There is professional boxing (プロ ボクシング, Puro Bokushingu) and amateur boxing (アマチュア ボクシング, Amachua Bokushingu).
Boxing is conducted in a regulated way, typically in a series of one to three-minute intervals called rounds.
- 4-Round Match - The round limit that new boxers start with after obtaining the Class-C License from the Pro-Test. Pro debuts are always four rounds. Tournaments such as the East Japan Rookie King Tournament and West Japan Rookie King Tournament are tournaments for Class-C licensed boxers and have a four round limit until the finals which is a six round match. Boxers who have fought four matches can move up to six round matches.
- 6-Round Match - The round limit for Class-B License boxers. The east and west Japan Rookie King tournament's finals and the All Japan Rookie King Tournament are six round matches. The Class A Tournament can have six round matches. After two six round matches, the boxer can move up to eight round matches and is able to face against JBC rankers.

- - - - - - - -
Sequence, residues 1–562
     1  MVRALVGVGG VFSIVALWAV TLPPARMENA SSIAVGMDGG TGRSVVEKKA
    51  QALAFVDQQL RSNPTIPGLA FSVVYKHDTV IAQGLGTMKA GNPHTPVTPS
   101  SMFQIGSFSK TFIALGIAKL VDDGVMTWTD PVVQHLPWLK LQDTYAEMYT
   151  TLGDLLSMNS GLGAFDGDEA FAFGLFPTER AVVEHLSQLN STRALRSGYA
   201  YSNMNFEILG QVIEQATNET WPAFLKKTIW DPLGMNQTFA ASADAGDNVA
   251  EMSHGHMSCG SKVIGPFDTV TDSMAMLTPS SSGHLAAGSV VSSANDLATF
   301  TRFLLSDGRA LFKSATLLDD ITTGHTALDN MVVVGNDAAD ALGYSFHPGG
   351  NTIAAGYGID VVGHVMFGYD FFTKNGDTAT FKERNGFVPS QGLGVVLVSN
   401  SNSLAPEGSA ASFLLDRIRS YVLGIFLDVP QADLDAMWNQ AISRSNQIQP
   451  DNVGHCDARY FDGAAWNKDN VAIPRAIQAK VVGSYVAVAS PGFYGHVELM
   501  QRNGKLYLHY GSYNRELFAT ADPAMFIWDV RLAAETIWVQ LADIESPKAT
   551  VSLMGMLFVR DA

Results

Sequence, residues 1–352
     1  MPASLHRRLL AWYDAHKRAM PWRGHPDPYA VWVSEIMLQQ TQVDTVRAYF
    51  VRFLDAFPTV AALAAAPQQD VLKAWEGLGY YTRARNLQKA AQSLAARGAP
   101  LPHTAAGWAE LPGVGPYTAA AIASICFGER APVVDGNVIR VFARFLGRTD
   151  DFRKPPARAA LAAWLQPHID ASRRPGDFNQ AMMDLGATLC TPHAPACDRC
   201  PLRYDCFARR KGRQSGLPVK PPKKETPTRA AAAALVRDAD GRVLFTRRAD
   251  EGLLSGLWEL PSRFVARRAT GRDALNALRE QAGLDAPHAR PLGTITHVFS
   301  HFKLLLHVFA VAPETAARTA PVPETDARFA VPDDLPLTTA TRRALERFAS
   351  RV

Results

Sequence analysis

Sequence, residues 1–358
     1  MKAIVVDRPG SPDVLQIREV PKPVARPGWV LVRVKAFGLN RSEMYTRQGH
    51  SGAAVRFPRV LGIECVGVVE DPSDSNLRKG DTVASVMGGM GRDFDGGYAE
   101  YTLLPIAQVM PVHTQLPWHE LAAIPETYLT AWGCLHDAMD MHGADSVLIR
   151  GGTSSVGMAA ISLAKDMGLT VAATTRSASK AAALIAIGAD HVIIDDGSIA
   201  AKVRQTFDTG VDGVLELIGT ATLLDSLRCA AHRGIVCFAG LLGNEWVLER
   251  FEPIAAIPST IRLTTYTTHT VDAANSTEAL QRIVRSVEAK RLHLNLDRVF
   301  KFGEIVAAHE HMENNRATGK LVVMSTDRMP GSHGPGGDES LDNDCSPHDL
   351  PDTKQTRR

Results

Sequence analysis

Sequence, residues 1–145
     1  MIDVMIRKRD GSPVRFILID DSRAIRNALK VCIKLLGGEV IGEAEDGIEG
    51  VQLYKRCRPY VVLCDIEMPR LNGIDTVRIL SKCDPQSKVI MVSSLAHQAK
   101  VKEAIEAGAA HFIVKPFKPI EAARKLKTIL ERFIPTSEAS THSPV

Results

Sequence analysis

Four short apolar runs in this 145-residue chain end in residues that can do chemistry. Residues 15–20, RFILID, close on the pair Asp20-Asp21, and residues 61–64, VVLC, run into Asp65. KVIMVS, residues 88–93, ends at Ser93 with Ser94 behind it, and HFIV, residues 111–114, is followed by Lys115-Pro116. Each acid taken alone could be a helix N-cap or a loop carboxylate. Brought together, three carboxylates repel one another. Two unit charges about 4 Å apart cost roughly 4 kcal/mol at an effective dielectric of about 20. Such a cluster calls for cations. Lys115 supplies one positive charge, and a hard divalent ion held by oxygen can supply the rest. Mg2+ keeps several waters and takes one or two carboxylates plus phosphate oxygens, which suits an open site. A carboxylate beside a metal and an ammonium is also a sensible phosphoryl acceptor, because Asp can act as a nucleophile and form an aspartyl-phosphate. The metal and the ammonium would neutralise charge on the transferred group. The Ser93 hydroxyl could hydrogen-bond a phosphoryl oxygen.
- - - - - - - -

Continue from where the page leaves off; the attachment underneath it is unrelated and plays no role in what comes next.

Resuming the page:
- 8-Round Match - The round limit for Class-A License boxers. The Class A Tournament can have eight round matches.
- 10-Round Match - JBC title matches and JBC ranker matches are ten round matches. The WBA, WBC, OPBF ranked matches can be ten rounds at the minimum.
- 12-Round Match - The WBA, WBC, OPBF, and IBF title matches are twelve round matches, while the ranked matches can be ten to twelve rounds.
- 15-Round Match - Previously, when boxing was called "prize-fighting", matches could go up to fifteen rounds. It was retired to prevent injuries.
Victory is achieved if:
- Knockout (KO) - The opponent is knocked down and unable to get up before the referee counts to ten.
- Technical Knockout (TKO) - The opponent is deemed too injured to continue before the referee counts to ten, he may not even start to count.
- Decision - There is no stoppage of the fight before an agreed number of rounds, a winner is determined either by the referee's decision or by judges scorecards.
The match can end if one of the cornermen (or seconds) on either side throws their towel into the ring, usually to save their fighter from life threatening injuries. The match can end in a disqualification if one of the boxers repeatedly perform illegal blows on their opponent after being warned. The match can end in a doctor stop if one of the venue's doctors deem it too risky to continue the match usually due to severe bleeding. The match can end in a draw if the match goes to decision and the points of both boxers add up to the same amount.